Not an easy afternoon for McLaren: they got both cars into Q3 but they were down towards the bottom of the pile with Lando Norris starting eight on the grid and Daniel Ricciardo a tenth further back in P10.
“With a few challenges along the way,” commented Seidl, specifically referring to Norris suffering some issues during Q2, when his car couldn’t get enough fuel. Thus, “it was good that we progressed into Q3 with both cars on Medium tyres, and in the final analysis, we have to acknowledge that qualifying in P8 and P10 is pretty much where the car has been so far this weekend, in terms of pace,” conceded McLaren’s team boss.
“We struggled to keep up with Ferrari in qualifying and with Pierre too – both are putting in very fast laps on Saturdays compared to us,
“This already happened in the previous races, so what we saw today is not a huge surprise”, continued Seidl
“We have to acknowledge that other cars are quicker at the moment, especially in qualifying. But our car is very good in terms of race pace and tyre management so we’re in a position to score some goods points tomorrow”.
Previously, Lando Norris commented that a lot of people have underestimated Ferrari, expecting them to be very much struggling, especially after the 2020 poor season – the worst for the Scuderia in the last 40 years.
When questioned, McLaren’s team principal said that “obviously it is not easy to separate where their strength is coming from, the engine or the overall package improvement”.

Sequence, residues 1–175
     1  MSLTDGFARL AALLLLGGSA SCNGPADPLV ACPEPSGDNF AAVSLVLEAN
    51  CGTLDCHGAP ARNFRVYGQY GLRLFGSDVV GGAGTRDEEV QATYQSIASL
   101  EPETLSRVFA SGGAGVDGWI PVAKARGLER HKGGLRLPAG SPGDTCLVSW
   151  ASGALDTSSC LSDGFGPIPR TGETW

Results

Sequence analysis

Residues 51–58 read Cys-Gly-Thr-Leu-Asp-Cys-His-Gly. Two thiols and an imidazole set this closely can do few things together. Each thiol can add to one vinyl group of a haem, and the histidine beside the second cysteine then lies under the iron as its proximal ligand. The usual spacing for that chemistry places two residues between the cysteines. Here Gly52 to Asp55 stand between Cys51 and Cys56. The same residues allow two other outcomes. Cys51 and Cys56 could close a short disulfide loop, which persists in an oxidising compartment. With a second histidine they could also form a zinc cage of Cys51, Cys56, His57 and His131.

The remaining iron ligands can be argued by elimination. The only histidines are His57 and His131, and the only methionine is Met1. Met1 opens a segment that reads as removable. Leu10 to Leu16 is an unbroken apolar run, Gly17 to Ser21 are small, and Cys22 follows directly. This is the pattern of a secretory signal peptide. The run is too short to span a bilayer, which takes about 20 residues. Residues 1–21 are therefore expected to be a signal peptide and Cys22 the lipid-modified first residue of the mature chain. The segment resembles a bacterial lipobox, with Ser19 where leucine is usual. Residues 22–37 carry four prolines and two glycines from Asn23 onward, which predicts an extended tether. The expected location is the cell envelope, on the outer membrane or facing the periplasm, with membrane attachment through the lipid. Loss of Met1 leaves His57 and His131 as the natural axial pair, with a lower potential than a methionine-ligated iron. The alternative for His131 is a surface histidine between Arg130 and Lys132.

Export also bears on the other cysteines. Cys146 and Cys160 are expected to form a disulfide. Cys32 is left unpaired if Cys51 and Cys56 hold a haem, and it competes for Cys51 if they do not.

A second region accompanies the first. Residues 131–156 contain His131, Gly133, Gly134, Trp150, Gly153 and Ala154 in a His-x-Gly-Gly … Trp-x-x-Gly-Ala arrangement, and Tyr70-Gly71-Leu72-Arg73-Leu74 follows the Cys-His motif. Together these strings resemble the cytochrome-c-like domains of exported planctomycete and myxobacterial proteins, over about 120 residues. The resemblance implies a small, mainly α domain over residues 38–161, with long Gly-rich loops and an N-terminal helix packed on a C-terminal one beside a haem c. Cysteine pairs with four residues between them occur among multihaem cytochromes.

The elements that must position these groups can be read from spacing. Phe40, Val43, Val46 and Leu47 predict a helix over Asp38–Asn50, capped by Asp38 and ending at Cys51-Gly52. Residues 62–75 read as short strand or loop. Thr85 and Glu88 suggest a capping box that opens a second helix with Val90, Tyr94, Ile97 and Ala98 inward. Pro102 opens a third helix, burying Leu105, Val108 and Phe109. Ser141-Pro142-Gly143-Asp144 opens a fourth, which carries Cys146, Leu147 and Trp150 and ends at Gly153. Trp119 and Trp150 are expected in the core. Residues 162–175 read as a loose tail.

“It is always a combination of factors and we don’t have access to their data so we cannot tell,” continued the German
“However, it is clear that from a team like Ferrari we had to expect a strong comeback after last year’s struggles. And this is something we have never underestimated.
“On our side, however, we have to keep working hard to improve and get back to the top in the future, to beat not only Ferrari but every one that is currently ahead of us”, concluded Seidl.
Going back to the tyres issues, Andreas Seidl stated that it is “disappointing” the way Pirelli expressed itself over the incidents that occurred in Azerbaijan two weeks ago.
“At the moment, there are a lot of question marks up in the air, so we will for sure request more transparency in the future".
“We have had discussions with the FIA and Pirelli but we don’t know exactly what happened, it is all speculation.
“This is also why it is so difficult to give explanations. If we don’t have a clear understanding of what happened, we must base everything on assumptions”, he concluded.
Seidl went on claiming that, in all other categories he has worked in, over the last 20 years, they had always been minimum tyre pressures and guidelines given by the manufacturer.
“This type of prescriptions are nothing new”, Seidl continued, “but this is also why I think is so important to thoroughly understand what happened. We cannot put drivers’ lives at risk”.
The main defence that is generally given by Pirelli when tyre-related issues arise, revolves around how they must deal with the “faster and heavier cars that were ever made”. While this might be true, Formula One cars are about to get even heavier with next year’s change of regulations.
“It’s difficult to reverse this process [of making heavier cars], also because much of the added weight of the cars depends on the higher safety components we’re putting on the cars,” explained Seidl.
“But, again, it always comes back to the main issue: we actually don’t know what happened. Even in races like 24Hr of Le Mans, cars are much heavier than Formula One’s. So all our explanations are based on speculations,” the TP continued,
“I can only speak for ourselves; we were running within the prescription given by Pirelli and so far we had no issue with the tyres. So, based on that, we can claim we got a pretty robust product from them”.